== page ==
Photography and Video in Lithuania | True Lithuania
True Lithuania

Photography and Video in Lithuania

In general, any public places in Lithuania may be pictured and taped for private use, whereas in private areas the owner decides what could be pictured.

Under the Soviet occupation, photography was heavily restricted even to the few that owned cameras. Most of these limitations were abolished, but when taking pictures of the key infrastructure (especially the railways) one may still draw some interest from the security, although it is typically no longer that restricted.

Private shops, marketplaces, casinos, and nightclubs usually ban taking images - while this policy may be not explicitly stated anywhere, the security enforces it. While it may be possible to take a quick selfie or picture your friends without generating attention, any longer "photo shoot" will surely attract it. Chain stores tend to especially hate when their price tags are pictured, even if on the background.

Most museums allow photography but some forbid it, while an even smaller minority levy a fee on every camera. Usually, this is specified near the entrance (otherwise, you may ask).

In the case of live events (concerts and professional sports), the rule of thumb is that only the most expensive, important, and popular ones ban taking images. E.g. it will likely be forbidden to take pictures during official international basketball games but allowed during friendly matches or the national league games. Even where photography is banned, an exception may be made to taking pictures using your cell phone alone.

Lithuanians usually don't care that they are photographed in public and they don't expect anything in return for it (this includes women and children, as long as one is not obnoxious). Photography of private areas (even if visible from public zones), such as yards, may cause concern - but it is not very likely. The overall rule of thumb is simply not to be too intrusive and take pictures from a distance or, if a close-up is needed, then ask the person.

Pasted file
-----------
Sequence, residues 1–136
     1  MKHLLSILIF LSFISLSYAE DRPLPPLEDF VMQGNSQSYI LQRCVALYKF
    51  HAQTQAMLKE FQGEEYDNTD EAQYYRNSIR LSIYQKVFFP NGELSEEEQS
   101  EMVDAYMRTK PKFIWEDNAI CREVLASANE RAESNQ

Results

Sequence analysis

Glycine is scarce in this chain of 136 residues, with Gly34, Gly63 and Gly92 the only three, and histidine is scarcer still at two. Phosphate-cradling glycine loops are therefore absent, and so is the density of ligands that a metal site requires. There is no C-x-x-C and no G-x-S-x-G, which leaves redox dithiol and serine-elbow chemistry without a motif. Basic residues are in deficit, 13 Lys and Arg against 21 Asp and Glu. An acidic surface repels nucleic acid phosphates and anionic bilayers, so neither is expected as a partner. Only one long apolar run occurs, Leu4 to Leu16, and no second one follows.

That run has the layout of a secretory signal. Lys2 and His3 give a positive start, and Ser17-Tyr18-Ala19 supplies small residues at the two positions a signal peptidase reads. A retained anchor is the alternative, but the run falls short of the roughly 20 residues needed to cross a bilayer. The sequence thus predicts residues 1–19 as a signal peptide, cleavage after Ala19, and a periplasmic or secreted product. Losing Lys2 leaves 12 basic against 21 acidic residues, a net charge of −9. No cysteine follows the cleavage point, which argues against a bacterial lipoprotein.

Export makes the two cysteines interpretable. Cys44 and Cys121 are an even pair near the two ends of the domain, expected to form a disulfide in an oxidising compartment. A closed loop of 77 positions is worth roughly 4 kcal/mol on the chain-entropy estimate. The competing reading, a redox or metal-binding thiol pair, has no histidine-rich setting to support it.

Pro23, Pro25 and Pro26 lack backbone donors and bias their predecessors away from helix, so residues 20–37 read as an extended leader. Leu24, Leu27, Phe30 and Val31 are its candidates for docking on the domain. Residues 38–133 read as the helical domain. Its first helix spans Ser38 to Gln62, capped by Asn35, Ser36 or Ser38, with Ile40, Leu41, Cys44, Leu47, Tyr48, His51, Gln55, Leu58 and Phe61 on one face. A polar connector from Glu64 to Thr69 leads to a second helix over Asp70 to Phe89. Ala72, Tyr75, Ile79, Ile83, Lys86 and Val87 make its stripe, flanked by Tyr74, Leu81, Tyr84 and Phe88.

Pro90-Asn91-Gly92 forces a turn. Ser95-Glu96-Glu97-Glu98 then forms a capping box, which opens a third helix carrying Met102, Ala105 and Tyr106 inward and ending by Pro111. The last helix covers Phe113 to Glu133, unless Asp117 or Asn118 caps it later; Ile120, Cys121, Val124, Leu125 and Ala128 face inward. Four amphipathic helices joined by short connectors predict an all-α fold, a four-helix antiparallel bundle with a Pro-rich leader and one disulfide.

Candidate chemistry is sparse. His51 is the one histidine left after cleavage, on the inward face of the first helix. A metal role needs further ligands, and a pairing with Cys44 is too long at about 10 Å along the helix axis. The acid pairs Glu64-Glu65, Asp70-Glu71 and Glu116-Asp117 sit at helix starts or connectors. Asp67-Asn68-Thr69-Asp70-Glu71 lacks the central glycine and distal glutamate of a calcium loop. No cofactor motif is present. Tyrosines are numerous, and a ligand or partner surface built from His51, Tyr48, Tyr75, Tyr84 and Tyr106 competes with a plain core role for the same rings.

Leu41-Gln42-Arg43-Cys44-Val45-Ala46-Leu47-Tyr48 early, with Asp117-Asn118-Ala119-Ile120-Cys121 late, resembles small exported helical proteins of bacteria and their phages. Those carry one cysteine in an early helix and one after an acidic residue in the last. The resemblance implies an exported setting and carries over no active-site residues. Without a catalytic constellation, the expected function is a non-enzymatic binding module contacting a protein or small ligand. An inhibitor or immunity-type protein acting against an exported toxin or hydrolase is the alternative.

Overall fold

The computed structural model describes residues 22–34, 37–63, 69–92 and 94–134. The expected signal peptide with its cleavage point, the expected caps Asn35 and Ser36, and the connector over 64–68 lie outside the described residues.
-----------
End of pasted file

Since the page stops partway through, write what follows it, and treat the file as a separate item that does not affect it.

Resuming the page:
It is not advisable to take pictures of drunk people (especially in the evenings) as they may be looking for a fight.

In case you want to publish the pictures, more stringent rules may sometimes apply. Some museums that allow free private photography impose a fee on those who want to publish images (especially for material gain). Additionally, it is forbidden to publish pictures of people without their permission (even if taken in public) if those pictures show them in compromising situations or are used for advertisement.

Drone laws are generally quite lenient in Lithuania. Only the immediate vicinities of the airports and some key government sites tend to be off-limits. The drone regulation map is available here.

Specialized photo stores became rare after digital imagery displaced the analog ones. However, memory cards, batteries, and other photo materials may be easily acquired at electronics stores, common at shopping malls. Additionally, such digital photo supplies are available at the larger supermarkets.

Article written by Augustinas Žemaitis

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